These changes will ultimately leave domestic workers without the security and safety they need in order to move forward and rebuild their lives.

For more information please contact Avril Sharp at Kalayaan: avril@kalayaan.org.uk.

[1] http://www.nationalcrimeagency.gov.uk/publications/national-referral-mechanism-statistics/676-national-referral-mechanism-statistics-end-of-year-summary-2015/file

[2] https://hansard.parliament.uk/Commons/2016-04-25/debates/16042535000002/ImmigrationBill

[3] https://www.gov.uk/domestic-workers-in-a-private-household-visa/victim-slavery-human-trafficking

[4]https://www.gov.uk/government/uploads/system/uploads/attachment_data/file/521763/Victims_of_modern_slavery_-_Competent_Authority_guidance_v3_0.pdf


Overseas Domestic Workers left in the dark by the Immigration Act 2016

As the latest Immigration Bill passed through parliament, the government acknowledged that Overseas Migrant Domestic Workers remain an especially vulnerable group in need of protection against unscrupulous and abusive employers. On 7 March 2016, the Minister for Immigration James Brokenshire responded to the independent report of James Ewins QC and his review of the tied visa in which he was asked by the government to assess how far the then existing arrangements for Overseas Domestic Workers were effective in protecting workers from abuse. On 12 May 2016 the Immigration Bill received Royal Assent and became the Immigration Act 2016.  Sadly, changes made to the Immigration Rules have fallen far short of the recommendations of the Ewins’ report and will keep domestic workers in the dark and at continued risk of abuse and exploitation.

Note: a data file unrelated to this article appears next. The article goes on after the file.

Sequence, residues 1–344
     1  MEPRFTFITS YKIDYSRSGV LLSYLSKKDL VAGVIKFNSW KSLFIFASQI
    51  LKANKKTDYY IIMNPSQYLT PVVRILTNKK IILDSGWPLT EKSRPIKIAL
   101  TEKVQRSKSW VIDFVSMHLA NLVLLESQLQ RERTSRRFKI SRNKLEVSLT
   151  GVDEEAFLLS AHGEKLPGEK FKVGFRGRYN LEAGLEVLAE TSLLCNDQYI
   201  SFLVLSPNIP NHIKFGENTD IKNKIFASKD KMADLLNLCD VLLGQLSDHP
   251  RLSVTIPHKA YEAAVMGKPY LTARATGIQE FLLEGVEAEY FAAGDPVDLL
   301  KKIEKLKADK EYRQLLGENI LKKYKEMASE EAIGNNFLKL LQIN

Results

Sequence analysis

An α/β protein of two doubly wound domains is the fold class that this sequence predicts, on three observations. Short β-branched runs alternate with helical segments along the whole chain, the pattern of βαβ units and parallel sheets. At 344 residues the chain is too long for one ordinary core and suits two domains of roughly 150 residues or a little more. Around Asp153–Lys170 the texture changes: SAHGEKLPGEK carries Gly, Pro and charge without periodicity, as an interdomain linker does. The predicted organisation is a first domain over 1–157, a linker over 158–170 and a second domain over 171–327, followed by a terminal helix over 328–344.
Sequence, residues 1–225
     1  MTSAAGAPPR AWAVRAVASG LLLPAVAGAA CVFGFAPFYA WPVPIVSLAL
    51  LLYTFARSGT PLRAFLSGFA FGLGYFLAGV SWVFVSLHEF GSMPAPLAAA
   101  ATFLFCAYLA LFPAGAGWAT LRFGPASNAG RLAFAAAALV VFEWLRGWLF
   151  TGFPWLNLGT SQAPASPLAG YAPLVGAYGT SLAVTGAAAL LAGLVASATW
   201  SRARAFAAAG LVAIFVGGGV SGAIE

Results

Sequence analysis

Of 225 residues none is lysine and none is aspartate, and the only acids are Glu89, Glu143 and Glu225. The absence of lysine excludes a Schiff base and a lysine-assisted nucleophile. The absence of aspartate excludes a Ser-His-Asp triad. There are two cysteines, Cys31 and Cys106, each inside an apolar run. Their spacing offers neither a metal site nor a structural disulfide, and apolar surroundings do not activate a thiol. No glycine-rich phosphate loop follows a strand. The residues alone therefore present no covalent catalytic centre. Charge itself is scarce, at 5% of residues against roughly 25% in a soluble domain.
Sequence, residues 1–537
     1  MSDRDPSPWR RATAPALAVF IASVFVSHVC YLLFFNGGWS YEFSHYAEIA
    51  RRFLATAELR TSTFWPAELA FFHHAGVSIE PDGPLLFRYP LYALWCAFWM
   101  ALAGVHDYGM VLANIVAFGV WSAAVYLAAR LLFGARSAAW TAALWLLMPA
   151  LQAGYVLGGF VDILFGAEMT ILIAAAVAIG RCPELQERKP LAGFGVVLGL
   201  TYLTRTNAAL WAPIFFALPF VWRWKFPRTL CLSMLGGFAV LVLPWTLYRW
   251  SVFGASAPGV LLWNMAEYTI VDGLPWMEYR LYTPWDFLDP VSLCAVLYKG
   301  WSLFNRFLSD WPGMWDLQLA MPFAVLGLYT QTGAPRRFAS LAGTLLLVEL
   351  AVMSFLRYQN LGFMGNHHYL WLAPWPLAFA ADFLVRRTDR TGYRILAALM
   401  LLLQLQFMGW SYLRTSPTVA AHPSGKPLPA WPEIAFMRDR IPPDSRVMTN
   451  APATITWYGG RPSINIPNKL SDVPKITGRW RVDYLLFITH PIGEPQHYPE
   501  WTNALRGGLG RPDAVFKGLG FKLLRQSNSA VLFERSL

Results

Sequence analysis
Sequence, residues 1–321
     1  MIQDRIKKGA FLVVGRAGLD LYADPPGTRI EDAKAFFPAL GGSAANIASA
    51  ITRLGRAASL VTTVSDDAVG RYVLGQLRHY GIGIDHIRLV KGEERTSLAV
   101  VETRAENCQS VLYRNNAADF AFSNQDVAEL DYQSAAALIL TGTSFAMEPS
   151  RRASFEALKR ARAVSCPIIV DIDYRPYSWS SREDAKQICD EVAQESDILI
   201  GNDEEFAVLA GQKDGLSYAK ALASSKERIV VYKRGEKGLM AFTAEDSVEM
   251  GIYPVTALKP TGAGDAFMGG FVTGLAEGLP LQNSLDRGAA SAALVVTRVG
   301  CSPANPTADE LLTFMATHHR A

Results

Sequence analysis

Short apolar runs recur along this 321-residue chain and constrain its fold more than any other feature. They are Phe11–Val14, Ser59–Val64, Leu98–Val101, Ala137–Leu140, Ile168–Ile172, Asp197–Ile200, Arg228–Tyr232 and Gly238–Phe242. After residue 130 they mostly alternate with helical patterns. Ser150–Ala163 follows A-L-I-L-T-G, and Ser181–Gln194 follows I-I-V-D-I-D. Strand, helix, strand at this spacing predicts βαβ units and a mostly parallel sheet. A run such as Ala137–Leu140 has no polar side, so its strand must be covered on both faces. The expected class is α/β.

Changing employer

The Ewins’ report recommended that Overseas Domestic Workers be allowed to change employer to give them a real and practical route out of exploitation without the then possibility of a precarious immigration status and risk to livelihood. The report states ‘the existence of a tie to a specific employer and the absence of a universal right to change employer and apply for extensions of the visa are incompatible with the reasonable protection of overseas domestic workers while in the UK’. It recommended that workers be allowed to apply for annual visa extensions of up to 2 years which was the minimum required to give effective protection to those who had been abused while in the UK. The review concluded that ‘informed, empowered and safe workers will be more likely to support or even initiate such enquiries [against their employers] than embattled, insecure and frightened workers’.